MJS: Gwen has always been as crucial to the story of Royce and Hadrian as Dumbledore or Gandalf were to Harry or Frodo. Just like them, she is always in the background, but the effect of her actions guide and determine so much. I already made a passing mention in Revelations about how Gwen had saved Royce and Hadrian’s lives, I just never said how, why, or what she went through. These were the big questions that I felt should be answered. Also, I knew that many readers liked Gwen and wanted to learn more about her. With Revelations there were so many POV characters already, and as such she didn't get as much attention as I would have liked. The Chronicles gives me the opportunity to rectify that. 

All my Riyria books follow a similar pattern. Each are about Royce and Hadrian, but each also features a guest star—a character that is spotlighted. Alric was the guest star of Crown Conspiracy, Thrace in Avempartha, Arista in Nyphron Rising, Wesley & Wyatt in Emerald Storm, Amila and Nimbus in Winteride, Modina in Percepliquis. In The Crown Tower it’s Gwen and in The Rose and The Thorn, it will be Hilfred. While Gwen does have a fair amount of screen time in The Rose and the Thorn, it doesn't necessarily mean a much expanded role if other books in that series are written. 

The Riyria Chronicles are intended to be less like Star Wars and more like Star Trek, in that each episode won’t necessarily be connected to the others. These first two books are sort of like a two hour pilot, but I see the rest as being generally standalone stories, although I’ll likely build in some reoccurring characters and maybe carry a mystery across a couple of books, just because I think that sort of thing is cool.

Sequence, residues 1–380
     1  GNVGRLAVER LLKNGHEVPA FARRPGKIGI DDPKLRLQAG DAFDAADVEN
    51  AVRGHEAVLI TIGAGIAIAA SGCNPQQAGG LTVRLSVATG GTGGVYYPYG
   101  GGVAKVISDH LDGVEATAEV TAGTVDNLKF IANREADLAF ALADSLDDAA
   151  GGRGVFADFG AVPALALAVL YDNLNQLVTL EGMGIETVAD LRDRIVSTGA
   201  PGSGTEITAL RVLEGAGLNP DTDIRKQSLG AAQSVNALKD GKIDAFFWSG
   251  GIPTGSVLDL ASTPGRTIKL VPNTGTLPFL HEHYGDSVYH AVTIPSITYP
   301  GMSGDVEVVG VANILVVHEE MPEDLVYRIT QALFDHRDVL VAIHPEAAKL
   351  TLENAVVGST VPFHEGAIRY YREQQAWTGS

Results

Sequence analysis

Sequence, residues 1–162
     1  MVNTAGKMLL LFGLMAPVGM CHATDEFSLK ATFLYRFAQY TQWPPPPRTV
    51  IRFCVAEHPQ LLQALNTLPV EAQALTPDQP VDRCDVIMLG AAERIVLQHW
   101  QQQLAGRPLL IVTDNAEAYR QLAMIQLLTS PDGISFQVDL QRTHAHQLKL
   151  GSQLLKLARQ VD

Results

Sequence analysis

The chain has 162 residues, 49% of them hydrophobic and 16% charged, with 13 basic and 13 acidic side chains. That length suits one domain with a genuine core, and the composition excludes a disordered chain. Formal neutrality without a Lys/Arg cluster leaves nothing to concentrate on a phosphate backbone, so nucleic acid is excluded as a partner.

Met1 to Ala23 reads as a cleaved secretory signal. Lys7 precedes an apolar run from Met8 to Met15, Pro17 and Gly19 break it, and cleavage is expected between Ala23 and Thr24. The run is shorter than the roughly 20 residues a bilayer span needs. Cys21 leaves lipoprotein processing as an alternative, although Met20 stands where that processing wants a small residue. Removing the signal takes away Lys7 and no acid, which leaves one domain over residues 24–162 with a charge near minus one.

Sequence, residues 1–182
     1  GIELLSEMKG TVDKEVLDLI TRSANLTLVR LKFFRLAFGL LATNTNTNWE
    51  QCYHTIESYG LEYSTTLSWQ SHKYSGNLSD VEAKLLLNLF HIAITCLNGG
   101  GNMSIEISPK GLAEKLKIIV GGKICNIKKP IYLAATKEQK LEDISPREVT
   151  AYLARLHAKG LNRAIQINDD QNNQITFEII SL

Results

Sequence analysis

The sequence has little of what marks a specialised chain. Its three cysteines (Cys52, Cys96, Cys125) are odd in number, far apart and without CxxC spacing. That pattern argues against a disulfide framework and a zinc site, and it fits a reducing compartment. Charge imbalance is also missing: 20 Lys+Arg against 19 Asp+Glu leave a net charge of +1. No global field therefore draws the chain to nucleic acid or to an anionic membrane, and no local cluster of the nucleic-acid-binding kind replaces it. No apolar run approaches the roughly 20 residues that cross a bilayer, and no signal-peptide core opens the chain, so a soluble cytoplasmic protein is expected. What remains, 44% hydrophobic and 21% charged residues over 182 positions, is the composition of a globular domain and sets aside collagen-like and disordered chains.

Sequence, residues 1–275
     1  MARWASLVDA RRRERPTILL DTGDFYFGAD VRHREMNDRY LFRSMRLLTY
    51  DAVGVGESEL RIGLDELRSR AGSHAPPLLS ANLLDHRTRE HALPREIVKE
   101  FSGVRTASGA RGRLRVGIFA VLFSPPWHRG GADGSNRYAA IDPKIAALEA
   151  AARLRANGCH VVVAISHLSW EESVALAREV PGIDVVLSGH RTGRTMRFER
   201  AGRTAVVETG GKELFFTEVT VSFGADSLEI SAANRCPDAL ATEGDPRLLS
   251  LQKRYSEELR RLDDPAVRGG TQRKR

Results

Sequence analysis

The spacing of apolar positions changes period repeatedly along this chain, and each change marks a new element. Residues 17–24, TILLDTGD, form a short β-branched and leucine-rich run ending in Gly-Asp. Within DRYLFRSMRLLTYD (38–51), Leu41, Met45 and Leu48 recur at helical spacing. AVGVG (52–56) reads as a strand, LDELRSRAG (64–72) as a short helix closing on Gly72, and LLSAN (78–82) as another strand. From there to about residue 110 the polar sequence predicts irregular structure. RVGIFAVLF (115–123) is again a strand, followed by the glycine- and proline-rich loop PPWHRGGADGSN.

Q] As I was reading The Crown Tower, I realized you wrote a fantasy version of a buddy-comedic action thriller. Was this a conscious decision or just something that happened while you wrote the story? 

MJS: Sort of. In my formative writing years I studies all sorts of genres and writing styles. I tried to be Lovecraft, and Updike, and Steinbeck. I tried flowery prose; I tried curt vibrant language like Hemingway. I tried deep introspective first person and distant omniscient narrative. I tried all these because I thought that was what good writing was. It wasn't until I give up trying to be a writer and just wrote what I wanted to read that I discovered what good writing really is—it’s what you enjoy reading the most when no one else can see.